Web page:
James: Over 70 percent of the Pivotal Platform applications are already running on VMware infrastructure, so in addition to our great engineering collaboration on PKS, VMware is also our top platform infrastructure. I do countless customer meetings in close partnership with both VMware and Dell, and customers love when we show up as the unified cloud-platform company. It's genuinely one of my favorite parts of my job because the combination is so unique in the market.
This milestone allows us to further leverage VMware’s unique engineering experience and capabilities in infrastructure while expanding our focus on developer experience, Spring and microservices scaffolding.
Customers wanted a completely unified and aligned vision and roadmap from VMware and Pivotal. I’m excited about how tightly this move aligns the vision and products of the two companies. You really can start with either Pivotal or VMware now and get the same cloud native solution.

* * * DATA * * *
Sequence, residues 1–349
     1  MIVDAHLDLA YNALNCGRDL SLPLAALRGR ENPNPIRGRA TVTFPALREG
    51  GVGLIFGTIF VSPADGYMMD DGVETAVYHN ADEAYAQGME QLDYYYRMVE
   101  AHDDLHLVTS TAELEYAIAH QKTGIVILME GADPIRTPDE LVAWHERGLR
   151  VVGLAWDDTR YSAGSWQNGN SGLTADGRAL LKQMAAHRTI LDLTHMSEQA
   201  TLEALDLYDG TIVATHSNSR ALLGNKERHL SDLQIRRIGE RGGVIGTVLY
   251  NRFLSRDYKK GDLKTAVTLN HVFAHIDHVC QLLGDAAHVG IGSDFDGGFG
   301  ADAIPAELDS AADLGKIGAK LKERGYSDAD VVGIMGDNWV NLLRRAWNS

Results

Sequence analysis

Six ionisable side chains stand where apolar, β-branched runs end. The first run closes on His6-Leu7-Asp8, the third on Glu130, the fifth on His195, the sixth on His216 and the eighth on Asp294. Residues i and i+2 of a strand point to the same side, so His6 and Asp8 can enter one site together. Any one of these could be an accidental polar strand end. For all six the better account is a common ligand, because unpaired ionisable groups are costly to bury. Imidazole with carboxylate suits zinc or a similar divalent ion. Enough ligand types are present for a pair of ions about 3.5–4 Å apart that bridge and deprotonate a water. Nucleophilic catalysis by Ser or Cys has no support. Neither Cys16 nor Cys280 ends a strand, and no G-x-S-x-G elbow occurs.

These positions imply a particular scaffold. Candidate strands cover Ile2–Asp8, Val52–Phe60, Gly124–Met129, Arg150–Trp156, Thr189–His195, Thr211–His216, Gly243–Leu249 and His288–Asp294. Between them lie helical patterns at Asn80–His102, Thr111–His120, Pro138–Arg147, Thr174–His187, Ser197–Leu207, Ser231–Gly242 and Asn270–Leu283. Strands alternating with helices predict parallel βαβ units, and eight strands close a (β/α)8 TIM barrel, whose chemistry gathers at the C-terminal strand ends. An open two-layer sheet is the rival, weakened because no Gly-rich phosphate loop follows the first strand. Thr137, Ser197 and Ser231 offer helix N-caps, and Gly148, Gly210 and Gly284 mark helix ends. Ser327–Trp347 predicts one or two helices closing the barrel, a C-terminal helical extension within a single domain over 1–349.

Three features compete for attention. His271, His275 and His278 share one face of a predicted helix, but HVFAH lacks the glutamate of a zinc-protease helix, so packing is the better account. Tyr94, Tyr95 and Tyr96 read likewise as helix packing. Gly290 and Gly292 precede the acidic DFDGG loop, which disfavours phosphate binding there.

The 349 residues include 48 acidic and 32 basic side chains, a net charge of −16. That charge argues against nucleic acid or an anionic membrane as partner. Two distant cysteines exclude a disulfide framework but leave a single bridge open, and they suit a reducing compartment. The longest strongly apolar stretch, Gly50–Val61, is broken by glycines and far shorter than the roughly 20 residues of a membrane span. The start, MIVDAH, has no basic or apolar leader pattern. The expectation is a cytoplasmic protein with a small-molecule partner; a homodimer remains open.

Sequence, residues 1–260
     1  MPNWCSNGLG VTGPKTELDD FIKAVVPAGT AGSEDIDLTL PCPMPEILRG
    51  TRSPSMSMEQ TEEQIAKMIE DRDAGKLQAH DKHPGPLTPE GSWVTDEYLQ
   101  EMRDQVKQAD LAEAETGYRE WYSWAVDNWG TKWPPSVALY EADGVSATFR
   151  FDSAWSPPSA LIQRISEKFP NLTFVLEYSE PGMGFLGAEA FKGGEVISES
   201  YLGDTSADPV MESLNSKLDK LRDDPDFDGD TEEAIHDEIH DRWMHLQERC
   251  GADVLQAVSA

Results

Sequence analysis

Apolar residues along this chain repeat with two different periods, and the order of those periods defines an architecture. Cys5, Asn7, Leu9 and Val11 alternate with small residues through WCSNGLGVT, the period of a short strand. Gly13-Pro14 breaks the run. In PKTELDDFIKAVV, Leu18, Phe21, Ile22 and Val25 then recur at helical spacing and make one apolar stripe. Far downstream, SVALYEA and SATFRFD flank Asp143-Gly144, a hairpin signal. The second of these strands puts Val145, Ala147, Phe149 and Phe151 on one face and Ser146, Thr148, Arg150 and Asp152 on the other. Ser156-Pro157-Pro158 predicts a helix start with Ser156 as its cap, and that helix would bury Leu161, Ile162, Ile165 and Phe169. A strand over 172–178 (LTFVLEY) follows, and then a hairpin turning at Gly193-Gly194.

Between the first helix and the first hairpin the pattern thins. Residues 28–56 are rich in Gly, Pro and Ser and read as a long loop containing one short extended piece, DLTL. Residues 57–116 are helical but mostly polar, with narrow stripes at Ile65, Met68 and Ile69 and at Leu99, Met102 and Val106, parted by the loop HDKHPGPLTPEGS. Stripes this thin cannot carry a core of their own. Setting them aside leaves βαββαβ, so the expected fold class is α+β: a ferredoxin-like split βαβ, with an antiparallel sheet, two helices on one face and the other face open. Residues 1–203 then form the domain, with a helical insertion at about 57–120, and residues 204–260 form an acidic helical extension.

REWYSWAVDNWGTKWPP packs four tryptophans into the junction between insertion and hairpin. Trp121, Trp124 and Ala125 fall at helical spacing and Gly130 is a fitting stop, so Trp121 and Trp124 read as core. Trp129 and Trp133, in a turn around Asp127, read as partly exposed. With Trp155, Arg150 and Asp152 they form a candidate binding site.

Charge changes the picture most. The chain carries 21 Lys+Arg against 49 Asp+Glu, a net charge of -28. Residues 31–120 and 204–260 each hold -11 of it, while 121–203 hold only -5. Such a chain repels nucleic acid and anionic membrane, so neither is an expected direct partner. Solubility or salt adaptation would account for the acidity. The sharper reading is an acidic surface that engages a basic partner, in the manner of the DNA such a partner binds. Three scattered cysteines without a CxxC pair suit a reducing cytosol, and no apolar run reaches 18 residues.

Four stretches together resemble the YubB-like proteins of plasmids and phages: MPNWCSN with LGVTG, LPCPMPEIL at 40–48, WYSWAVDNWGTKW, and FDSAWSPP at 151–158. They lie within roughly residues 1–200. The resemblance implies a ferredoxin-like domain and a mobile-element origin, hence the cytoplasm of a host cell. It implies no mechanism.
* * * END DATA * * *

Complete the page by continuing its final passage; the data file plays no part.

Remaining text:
There seem to be two major pools of innovation in infrastructure software where all the great new technology and capabilities are coming from right now: Public Cloud Companies and Open Source Software Companies. Would you agree? And how can Enterprises best position themselves to take advantage of this situation?
James: Public clouds are having to reckon with the power of open communities versus their previously proprietary approaches. The market is highly competitive, and no one cloud is able to set the standard. Developers are flocking to open communities, and the cloud market has responded. This year we've witnessed Amazon refocus its container efforts on Kubernetes and its streaming efforts to Kafka—away from two previously proprietary solutions.